Networks in labor markets: Wage and employment dynamics and inequality
We present a model of labor markets that accounts for the social network through which agents hear about jobs. We show that an improvement in the wage or employment status of either an agent's direct or indirect contacts leads to an increase in the agent's employment probability and expected wages, in the sense of first order stochastic dominance. A similar effect results from an increase in the network contacts of an agent. In terms of dynamics and patterns, we show that both wages and employment are positively associated (a strong form of correlation) across time and agents. We also analyze the decisions of agents regarding staying in the labor market or dropping out. If there are costs to staying in the labor market, and we compare two networks of agents that are identical except that one group starts with a worse wage status, then that group's drop-out rate will be higher that the other's and there will be a persistent difference in wages between the groups.
(This abstract was borrowed from another version of this item.)
If you experience problems downloading a file, check if you have the proper application to view it first. In case of further problems read the IDEAS help page. Note that these files are not on the IDEAS site. Please be patient as the files may be large.
As the access to this document is restricted, you may want to look for a different version under "Related research" (further below) or search for a different version of it.
References listed on IDEAS
Please report citation or reference errors to , or , if you are the registered author of the cited work, log in to your RePEc Author Service profile, click on "citations" and make appropriate adjustments.:
- Young, H Peyton, 1993. "The Evolution of Conventions," Econometrica, Econometric Society, vol. 61(1), pages 57-84, January.
- Steven N. Durlauf, 1992.
"A Theory of Persistent Income Inequality,"
NBER Working Papers
4056, National Bureau of Economic Research, Inc.
- Antoni Calvó-Armengol & Matthew O. Jackson, 2004.
"The Effects of Social Networks on Employment and Inequality,"
American Economic Review,
American Economic Association, vol. 94(3), pages 426-454, June.
- Matt Jackson, 2003. "The Effects of Social Networks on Employment and Inequality," Theory workshop papers 658612000000000032, UCLA Department of Economics.
- Loury, Glenn C, 1981. "Intergenerational Transfers and the Distribution of Earnings," Econometrica, Econometric Society, vol. 49(4), pages 843-67, June.
- William A. Darity & Patrick L. Mason, 1998. "Evidence on Discrimination in Employment: Codes of Color, Codes of Gender," Journal of Economic Perspectives, American Economic Association, vol. 12(2), pages 63-90, Spring.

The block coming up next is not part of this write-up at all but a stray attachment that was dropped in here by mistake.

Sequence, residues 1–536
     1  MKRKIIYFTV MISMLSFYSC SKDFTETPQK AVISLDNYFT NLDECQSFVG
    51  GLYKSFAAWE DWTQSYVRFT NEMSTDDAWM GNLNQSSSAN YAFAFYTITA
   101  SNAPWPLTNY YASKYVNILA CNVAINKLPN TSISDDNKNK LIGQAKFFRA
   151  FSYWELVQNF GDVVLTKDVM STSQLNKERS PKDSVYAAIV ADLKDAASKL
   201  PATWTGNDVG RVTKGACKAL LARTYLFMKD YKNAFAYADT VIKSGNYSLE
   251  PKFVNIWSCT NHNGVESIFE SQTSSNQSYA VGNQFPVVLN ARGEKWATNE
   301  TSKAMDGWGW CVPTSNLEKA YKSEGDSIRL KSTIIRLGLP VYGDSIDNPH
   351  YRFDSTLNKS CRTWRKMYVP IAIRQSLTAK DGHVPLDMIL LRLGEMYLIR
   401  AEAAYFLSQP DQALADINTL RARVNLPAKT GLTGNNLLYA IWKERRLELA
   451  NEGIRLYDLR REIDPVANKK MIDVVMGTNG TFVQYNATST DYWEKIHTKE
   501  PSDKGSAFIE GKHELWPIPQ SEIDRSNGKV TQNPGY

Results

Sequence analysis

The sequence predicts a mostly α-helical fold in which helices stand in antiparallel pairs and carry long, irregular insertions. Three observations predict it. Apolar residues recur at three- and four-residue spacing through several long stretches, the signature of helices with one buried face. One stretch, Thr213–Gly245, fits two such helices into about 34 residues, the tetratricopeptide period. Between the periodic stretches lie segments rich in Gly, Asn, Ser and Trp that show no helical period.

- David Card & Alan B. Krueger, 1992.
"School Quality and Black-White Relative Earnings: A Direct Assessment,"
The Quarterly Journal of Economics,
Oxford University Press, vol. 107(1), pages 151-200.
- David Card & Alan B. Krueger, 1991. "School Quality and Black-White Relative Earnings: A Direct Assessment," NBER Working Papers 3713, National Bureau of Economic Research, Inc.
- Yannis M. Ioannides & Linda Datcher Loury, 2002.
"Job Information Networks, Neighborhood Effects and Inequality,"
Discussion Papers Series, Department of Economics, Tufts University
0217, Department of Economics, Tufts University.
- Yannis M. Ioannides & Linda Datcher Loury, 2004. "Job Information Networks, Neighborhood Effects, and Inequality," Journal of Economic Literature, American Economic Association, vol. 42(4), pages 1056-1093, December.
- Farley, Reynolds, 1990. "Blacks, Hispanics, and White Ethnic Groups: Are Blacks Uniquely Disadvantaged?," American Economic Review, American Economic Association, vol. 80(2), pages 237-41, May.
- Smith, James P & Welch, Finis R, 1989. "Black Economic Progress after Myrdal," Journal of Economic Literature, American Economic Association, vol. 27(2), pages 519-64, June.
- James J. Heckman, 1998. "Detecting Discrimination," Journal of Economic Perspectives, American Economic Association, vol. 12(2), pages 101-116, Spring.
When requesting a correction, please mention this item's handle: RePEc:eee:jetheo:v:132:y:2007:i:1:p:27-46. See general information about how to correct material in RePEc.
For technical questions regarding this item, or to correct its authors, title, abstract, bibliographic or download information, contact: (Shamier, Wendy)
If references are entirely missing, you can add them using this form.